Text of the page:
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Harassment—from garden-variety name calling to more threatening behavior— is a common part of online life that colors the experiences of many web users.
Fully 73% of adult internet users have seen someone be harassed in some way online and 40% have personally experienced it, according to a new survey by the Pew Research Center.
Those with more “severe” harassment experiences responded differently to their most recent incident with harassment than those with less “severe” experiences.
Women were more likely than men to find their most recent experience with online harassment extremely or very upsetting—38% of harassed women said so of their most recent experience, compared with 17% of harassed men.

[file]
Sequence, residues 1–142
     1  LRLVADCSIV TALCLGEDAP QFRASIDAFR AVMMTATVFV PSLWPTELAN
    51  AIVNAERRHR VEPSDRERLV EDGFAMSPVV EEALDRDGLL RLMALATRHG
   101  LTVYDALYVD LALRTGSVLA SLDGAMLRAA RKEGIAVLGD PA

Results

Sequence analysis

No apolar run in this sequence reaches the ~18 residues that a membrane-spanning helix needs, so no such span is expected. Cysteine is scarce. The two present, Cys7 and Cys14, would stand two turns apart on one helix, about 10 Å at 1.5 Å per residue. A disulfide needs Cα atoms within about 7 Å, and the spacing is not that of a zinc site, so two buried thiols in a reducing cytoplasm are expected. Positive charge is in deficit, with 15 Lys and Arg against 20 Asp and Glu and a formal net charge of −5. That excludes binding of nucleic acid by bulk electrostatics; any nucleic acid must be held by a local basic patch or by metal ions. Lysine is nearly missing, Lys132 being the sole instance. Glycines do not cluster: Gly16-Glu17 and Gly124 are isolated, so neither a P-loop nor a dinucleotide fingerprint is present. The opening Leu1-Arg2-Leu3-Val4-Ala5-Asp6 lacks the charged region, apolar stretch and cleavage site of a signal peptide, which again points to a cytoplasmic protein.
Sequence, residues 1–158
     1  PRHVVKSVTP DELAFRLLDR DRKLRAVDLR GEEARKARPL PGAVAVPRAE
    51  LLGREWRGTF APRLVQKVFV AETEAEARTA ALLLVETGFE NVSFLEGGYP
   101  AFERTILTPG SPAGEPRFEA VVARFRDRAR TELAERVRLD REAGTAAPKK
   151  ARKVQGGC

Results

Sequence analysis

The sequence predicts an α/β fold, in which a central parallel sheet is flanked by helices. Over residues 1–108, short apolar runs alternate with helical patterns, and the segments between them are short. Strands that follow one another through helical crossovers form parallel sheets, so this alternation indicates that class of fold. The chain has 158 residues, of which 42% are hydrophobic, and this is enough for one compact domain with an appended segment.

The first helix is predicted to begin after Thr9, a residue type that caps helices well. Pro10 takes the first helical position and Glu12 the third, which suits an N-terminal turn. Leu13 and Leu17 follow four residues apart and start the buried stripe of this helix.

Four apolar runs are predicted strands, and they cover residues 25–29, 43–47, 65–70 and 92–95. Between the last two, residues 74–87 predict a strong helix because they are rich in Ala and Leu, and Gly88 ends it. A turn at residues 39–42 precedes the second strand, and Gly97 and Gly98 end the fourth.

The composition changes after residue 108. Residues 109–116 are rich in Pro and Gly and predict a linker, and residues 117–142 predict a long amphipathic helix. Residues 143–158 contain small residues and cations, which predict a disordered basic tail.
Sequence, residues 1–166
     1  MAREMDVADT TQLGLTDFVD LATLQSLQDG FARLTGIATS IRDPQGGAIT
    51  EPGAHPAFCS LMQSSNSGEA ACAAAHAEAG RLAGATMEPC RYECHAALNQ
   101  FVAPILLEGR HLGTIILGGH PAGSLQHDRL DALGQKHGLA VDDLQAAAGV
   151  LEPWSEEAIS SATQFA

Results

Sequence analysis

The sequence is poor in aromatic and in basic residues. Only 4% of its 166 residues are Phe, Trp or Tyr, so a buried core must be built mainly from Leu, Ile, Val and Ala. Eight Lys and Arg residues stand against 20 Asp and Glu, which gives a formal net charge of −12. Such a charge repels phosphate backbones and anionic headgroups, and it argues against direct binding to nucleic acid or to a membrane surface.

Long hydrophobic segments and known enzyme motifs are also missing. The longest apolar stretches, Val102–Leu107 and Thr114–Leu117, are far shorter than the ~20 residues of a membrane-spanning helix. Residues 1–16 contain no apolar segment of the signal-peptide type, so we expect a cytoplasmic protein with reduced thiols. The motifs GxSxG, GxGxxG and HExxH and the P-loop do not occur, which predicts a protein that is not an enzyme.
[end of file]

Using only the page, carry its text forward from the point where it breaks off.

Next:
Again, there were differences in the emotional impact of online harassment based on the level of severity one had experienced in the past.
Fully 65% of young internet users have been the target of at least one of the six elements of harassment that were queried in the survey. Young women, those 18-24, experience certain severe types of harassment at disproportionately high levels: 26% of these young women have been stalked online, and 25% were the target of online sexual harassment.
In addition, they do not escape the heightened rates of physical threats and sustained harassment common to their male peers and young people in general.
Pew Research asked respondents about six different forms of online harassment.